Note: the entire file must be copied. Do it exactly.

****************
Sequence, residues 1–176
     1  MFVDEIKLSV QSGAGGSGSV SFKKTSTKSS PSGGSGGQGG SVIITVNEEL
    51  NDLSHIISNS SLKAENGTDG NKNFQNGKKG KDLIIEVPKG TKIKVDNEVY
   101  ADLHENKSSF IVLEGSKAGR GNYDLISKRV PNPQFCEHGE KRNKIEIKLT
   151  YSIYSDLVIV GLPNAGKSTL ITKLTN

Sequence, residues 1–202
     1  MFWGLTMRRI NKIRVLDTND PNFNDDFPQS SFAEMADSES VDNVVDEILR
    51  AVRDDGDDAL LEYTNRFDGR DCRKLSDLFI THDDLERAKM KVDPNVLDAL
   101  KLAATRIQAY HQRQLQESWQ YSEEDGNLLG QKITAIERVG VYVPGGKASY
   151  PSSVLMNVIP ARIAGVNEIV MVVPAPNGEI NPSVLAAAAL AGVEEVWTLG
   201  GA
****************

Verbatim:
Sequence, residues 1–176
     1  MFVDEIKLSV QSGAGGSGSV SFKKTSTKSS PSGGSGGQGG SVIITVNEEL
    51  NDLSHIISNS SLKAENGTDG NKNFQNGKKG KDLIIEVPKG TKIKVDNEVY
   101  ADLHENKSSF IVLEGSKAGR GNYDLISKRV PNPQFCEHGE KRNKIEIKLT
   151  YSIYSDLVIV GLPNAGKSTL ITKLTN

Sequence, residues 1–202
     1  MFWGLTMRRI NKIRVLDTND PNFNDDFPQS SFAEMADSES VDNVVDEILR
    51  AVRDDGDDAL LEYTNRFDGR DCRKLSDLFI THDDLERAKM KVDPNVLDAL
   101  KLAATRIQAY HQRQLQESWQ YSEEDGNLLG QKITAIERVG VYVPGGKASY
   151  PSSVLMNVIP ARIAGVNEIV MVVPAPNGEI NPSVLAAAAL AGVEEVWTLG
   201  GA